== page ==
onnecticut librarians spoke about their fight to stop the FBI from
gaining access to patrons' library records at a news conference
yesterday organized by the American Civil Liberties Union (ACLU),
and in a subsequent interview with RAW STORY.
The Librarians, members of
Library Connection, a not-for profit cooperative organization
for resource sharing across 26 Connecticut library branches sharing
a centralized computer, were served with a National Security Letter
(NSL) in August of last year as part of the FBI's attempt to attain
access to patron's records.
The NSL is a little known statute in the Patriot
Act that permits law enforcement to obtain records of people not
suspected of any wrongdoing and without a court order. As part of
the NSL, those served with
the document are gagged and prohibited from disclosing that they
have even been served.
The foursome of Barbara Bailey, Peter Chase,
George Christian, and Jan Nocek were automatically gagged from
disclosing that they had received the letter, the contents of the
letter, and even from discussions surrounding the Patriot Act.
The librarians, via the national and Connecticut
branches of the ACLU, filed suit challenging the Patriot Act on
first amendment grounds.
"People ask about private and confidential things
in the library setting… like about their health, their family issues
and related books they take out … these are confidential and we did
this to protect our patrons from authorized snooping," said
Chase, Vice President of Library Connection."
On September 9 of last year, a federal judge
lifted the gag order and rejected the government's argument that
identifying the plaintiff would pose a threat to national security.
Yet the government continued to appeal the case
throughout the reauthorization debate, passionately arguing that not
a single incident of civil liberties violations by the Patriot Act
had occurred. By continuing the appeal, the government effectively
silenced any evidence to counter their claims.
"This all happened during the reauthorization
debate and the government was saying no one's rights were being
violated," said George Christian, staff liaison for Library
Connection and one of the plaintiffs in the case.
As the debate over the reauthorization of the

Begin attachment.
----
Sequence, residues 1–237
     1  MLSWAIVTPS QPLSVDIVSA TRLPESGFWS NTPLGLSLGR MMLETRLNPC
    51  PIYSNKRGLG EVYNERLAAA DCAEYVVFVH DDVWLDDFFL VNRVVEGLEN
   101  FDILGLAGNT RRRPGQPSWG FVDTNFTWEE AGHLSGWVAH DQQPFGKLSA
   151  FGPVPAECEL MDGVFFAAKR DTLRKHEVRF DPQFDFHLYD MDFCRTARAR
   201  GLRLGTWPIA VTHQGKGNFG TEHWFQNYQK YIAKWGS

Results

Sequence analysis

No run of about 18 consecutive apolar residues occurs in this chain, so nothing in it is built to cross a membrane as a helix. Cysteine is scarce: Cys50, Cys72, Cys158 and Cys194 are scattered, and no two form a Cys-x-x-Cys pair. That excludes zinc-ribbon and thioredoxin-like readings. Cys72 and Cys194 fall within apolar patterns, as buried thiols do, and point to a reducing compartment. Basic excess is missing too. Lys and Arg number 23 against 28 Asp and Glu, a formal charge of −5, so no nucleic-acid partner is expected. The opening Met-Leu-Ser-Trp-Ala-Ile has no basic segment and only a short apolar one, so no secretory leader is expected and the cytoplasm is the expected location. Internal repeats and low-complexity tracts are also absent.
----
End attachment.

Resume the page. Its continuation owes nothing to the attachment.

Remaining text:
Patriot Act heated up, the librarians and others gagged by the NSL
had to watch in silence, intimately aware of dangers they believed
were not being exposed.
"We could not speak to Congress until after the
renewal of the Patriot Act," Said Barbara Bailey, President of
Library Connection and one of four plaintiffs in the case.
Although the ACLU, representing the librarians,
filed the case on August 9 of last year, US Attorney General Alberto
Gonzales decried any civil liberties violations in a
Washington Post op-ed in December, stating that "There have been
no verified civil liberties abuses in the four years of the
[Patriot] act's existence."
The suit names Alberto Gonzales, Robert Mueller,
and an un-named FBI official as the defendants in the case. The
plaintiffs are collectively referred to in all court filings as
simply John Doe.
"My testimony was informed not only by the
successes of the act but also by my personal meetings with
representatives from groups such as the ACLU and the American
Library Association," wrote Gonzales in his Washington Post piece.
During the reauthorization discussion, I asked that certain
provisions be clarified to ensure the protection of civil liberties,
and Congress responded."
After the Patriot Act was reauthorized in March
of this year, the government stopped its appeals. Last Wednesday,
the Connecticut librarians were finally allowed to say that they
were the John Doe in the case, but they are still prohibited from
discussing the case or the NSL.
"There are other people who have been served with
these letters. We hope by our testimony that more people are aware
of this and people are able to speak out," said Jan Nocek, Secretary
for Library Connection and one of the four plaintiffs in the case.
"Our clients were gagged by the government at a
time when Congress needed to hear their voices the most," said Ann
Beeson, ACLU's lead attorney in the case. "This administration has